China to assess trustworthiness of cloud providers

James has more than a decade of experience as a tech journalist, writer and editor, and served as Editor in Chief of TechForge Media between 2017 and 2021. James was named as one of the top 20 UK technology influencers by Tyto, and has also been cited by Onalytica, Feedspot and Zsah as an influential cloud computing writer.


Cloud computing providers in China are to be assessed for their trustworthiness according to a report – which could mean bad news for foreign CSPs.

According to a report from China Daily, the new government system will be similar to the FedRAMP accreditation used in the US. Only firms who pass this ruling in full will be allowed to take part in government projects, according to Zuo Xiaodong, vice president of the China Information Security Research Institute.

“The basic idea of the security rating mechanism is to find trustworthy hardware, software and service providers to ensure that the government has total control of the entire ecosystem,” he said.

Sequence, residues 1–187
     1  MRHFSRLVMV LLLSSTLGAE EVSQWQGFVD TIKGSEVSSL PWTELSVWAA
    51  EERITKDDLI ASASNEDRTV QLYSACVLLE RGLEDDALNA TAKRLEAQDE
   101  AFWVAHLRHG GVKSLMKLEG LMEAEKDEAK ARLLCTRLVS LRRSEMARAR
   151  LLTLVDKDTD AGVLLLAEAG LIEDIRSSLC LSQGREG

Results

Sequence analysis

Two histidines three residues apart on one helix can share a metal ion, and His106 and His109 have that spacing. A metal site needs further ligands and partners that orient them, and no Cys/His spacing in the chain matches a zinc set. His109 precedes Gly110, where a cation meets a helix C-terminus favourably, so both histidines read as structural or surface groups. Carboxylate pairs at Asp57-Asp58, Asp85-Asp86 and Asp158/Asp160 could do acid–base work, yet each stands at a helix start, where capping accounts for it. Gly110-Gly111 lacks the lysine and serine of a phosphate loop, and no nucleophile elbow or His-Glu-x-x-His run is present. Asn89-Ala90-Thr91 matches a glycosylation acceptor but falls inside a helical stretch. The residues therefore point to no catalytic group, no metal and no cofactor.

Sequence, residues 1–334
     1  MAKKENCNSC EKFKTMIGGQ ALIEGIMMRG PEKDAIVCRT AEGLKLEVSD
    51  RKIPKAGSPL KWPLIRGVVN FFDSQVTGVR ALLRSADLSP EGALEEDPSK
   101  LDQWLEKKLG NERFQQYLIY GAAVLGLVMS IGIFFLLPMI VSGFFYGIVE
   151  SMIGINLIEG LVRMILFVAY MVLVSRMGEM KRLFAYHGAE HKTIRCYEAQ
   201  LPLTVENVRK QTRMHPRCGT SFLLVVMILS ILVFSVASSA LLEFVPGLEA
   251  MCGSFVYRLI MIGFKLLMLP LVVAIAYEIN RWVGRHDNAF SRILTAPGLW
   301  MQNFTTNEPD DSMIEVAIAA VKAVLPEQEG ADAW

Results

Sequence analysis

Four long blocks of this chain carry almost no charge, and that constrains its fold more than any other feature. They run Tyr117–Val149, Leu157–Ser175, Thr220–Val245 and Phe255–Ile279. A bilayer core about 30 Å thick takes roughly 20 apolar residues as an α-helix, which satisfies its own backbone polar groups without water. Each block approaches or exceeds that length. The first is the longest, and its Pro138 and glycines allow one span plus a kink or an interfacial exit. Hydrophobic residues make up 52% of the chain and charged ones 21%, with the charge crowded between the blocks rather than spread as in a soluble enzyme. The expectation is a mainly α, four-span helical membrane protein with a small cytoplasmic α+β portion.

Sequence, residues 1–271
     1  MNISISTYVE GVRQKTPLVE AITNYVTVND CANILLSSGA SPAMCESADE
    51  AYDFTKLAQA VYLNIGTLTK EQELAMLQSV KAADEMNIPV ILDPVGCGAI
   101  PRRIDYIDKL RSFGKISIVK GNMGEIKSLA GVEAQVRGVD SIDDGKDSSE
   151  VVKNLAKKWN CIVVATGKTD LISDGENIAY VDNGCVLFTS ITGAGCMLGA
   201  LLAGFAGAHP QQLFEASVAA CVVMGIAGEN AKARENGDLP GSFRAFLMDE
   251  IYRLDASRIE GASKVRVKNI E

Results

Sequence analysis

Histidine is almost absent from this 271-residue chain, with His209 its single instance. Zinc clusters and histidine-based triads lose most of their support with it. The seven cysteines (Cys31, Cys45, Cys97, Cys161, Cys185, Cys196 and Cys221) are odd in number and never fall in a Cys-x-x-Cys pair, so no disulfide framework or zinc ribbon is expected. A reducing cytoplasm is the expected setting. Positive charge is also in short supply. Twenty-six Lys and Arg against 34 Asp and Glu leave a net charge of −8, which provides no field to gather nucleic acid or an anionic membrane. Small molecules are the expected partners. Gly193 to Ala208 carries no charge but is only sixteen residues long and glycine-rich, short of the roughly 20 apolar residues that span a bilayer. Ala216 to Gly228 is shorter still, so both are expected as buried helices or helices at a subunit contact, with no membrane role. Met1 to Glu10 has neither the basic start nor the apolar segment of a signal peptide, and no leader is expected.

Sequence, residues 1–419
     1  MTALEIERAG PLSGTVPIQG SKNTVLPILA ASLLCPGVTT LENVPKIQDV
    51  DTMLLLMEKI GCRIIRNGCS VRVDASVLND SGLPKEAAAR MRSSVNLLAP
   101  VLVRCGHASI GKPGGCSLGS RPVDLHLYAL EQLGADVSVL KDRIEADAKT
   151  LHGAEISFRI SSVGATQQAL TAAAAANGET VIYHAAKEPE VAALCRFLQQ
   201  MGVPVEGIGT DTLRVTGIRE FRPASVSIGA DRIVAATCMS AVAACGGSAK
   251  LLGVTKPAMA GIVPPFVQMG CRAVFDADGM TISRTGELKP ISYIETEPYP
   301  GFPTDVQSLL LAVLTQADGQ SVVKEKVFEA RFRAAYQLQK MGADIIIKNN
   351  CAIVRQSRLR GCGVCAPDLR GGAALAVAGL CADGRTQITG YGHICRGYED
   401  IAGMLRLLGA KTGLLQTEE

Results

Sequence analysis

The overall effect, the report argues, could mean greater difficulty for overseas cloud vendors to get into Chinese business. They will be allowed to take part in the assessment, but may be required to provide further data for security reasons. According to sources cited in the report, China may want overseas IT providers out of the government procurement market by 2020.

The China Daily report quotes Wang Zhengfu, chief operating officer at server provider Sugon, who describes the development as a “golden opportunity” to take on foreign companies.

Many are looking to gain a foothold in China, which is expected to be a powerhouse in driving ICT over the coming year. A recent IDC predictions report argued China will have “skyrocketing influence” on the global market, with 43% of industry growth.

Among the foreign service providers in China include Amazon Web Services, who announced their roadmap this time last year, CenturyLink, who opened up a Shanghai data centre in October, and Interoute, who launched a new virtual data centre in nearby Hong Kong.

A report last year on behalf of the US-China Economic and Security Review Commission discussed potential security concerns if the US consumer market uptake for Chinese cloud computing services increased. This sounded a warning for conflating US and Chinese services on both sides – and with this latest development, it could be full speed ahead for that plan.

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